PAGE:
Ozone Counteracts Some Benefits of Carbon Dioxide in Forests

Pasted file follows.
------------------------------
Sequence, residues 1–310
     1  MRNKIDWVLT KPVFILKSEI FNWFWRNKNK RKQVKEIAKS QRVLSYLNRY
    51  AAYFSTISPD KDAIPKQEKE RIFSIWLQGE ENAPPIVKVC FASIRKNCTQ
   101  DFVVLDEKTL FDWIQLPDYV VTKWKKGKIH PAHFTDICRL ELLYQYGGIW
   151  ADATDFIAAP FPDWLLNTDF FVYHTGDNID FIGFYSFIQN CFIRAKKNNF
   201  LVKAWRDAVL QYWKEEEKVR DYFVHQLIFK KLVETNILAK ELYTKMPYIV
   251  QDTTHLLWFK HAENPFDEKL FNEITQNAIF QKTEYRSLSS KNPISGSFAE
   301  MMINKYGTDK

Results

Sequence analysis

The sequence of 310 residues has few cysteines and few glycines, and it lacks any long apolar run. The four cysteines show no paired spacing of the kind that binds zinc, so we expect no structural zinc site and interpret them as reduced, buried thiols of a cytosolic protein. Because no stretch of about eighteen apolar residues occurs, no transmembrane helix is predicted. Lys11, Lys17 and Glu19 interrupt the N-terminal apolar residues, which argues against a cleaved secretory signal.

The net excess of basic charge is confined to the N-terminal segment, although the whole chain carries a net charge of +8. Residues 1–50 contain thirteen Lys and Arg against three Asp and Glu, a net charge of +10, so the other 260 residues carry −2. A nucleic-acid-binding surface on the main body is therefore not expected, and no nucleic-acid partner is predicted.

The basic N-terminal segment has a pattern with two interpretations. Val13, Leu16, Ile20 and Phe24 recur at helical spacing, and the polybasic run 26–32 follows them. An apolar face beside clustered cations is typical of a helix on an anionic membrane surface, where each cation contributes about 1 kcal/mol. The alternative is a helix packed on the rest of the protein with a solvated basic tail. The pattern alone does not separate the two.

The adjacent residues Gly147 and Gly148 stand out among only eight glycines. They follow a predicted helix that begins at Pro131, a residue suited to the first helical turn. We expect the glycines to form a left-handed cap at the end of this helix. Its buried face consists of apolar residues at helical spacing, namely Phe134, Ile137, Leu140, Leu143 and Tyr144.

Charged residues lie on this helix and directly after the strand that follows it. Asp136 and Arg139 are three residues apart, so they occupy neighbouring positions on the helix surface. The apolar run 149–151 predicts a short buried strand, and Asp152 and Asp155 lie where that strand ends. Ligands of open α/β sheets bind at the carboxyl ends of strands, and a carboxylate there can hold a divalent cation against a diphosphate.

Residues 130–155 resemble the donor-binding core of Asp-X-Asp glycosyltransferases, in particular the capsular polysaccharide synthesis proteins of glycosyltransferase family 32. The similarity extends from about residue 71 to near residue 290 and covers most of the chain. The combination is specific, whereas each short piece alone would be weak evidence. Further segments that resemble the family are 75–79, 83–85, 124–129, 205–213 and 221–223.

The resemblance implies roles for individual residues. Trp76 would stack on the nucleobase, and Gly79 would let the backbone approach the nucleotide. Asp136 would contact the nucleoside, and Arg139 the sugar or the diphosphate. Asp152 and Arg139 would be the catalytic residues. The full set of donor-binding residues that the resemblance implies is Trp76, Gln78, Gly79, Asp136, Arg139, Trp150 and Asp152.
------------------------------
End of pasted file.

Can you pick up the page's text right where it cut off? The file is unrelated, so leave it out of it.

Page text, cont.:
Results of a long-term field study funded by the U.S. Department of Energy’s (DOE’s) Office of Science, and published this week in the international scientific journal Nature, indicate that global carbon cycle models must in the future consider the potentially negative biological and ecological effects of rising tropospheric ozone concentrations not just the biological benefits of rising carbon dioxide concentrations when predicting the future global carbon cycle and climate. Although ozone and carbon dioxide are added to the atmosphere by several natural processes, fossil fuel use along with other human activities are increasing the concentrations of both gases in the lower atmosphere. Ozone and carbon dioxide can each affect fundamental processes occurring within the terrestrial biosphere; they can also affect the climate system. In their Nature article, the authors reported that benefits of elevated carbon dioxide concentrations on carbon addition to, and storage in, forest soils were reduced or eliminated by a concomitant increase in ozone concentration. When ozone concentration was elevated (at a unique DOE field experimental facility in northern Wisconsin) to reflect a possible future atmospheric composition, incorporation of carbon into soil under forest stands treated with elevated carbon dioxide for four years was reduced by about 50%. These results call into question existing global carbon cycle models–some of which are coupled to climate models and serve as tools to estimate future climatic variability and change–that assume that the well-documented rising global atmospheric carbon dioxide concentration will result in significant additional carbon storage in forest soils.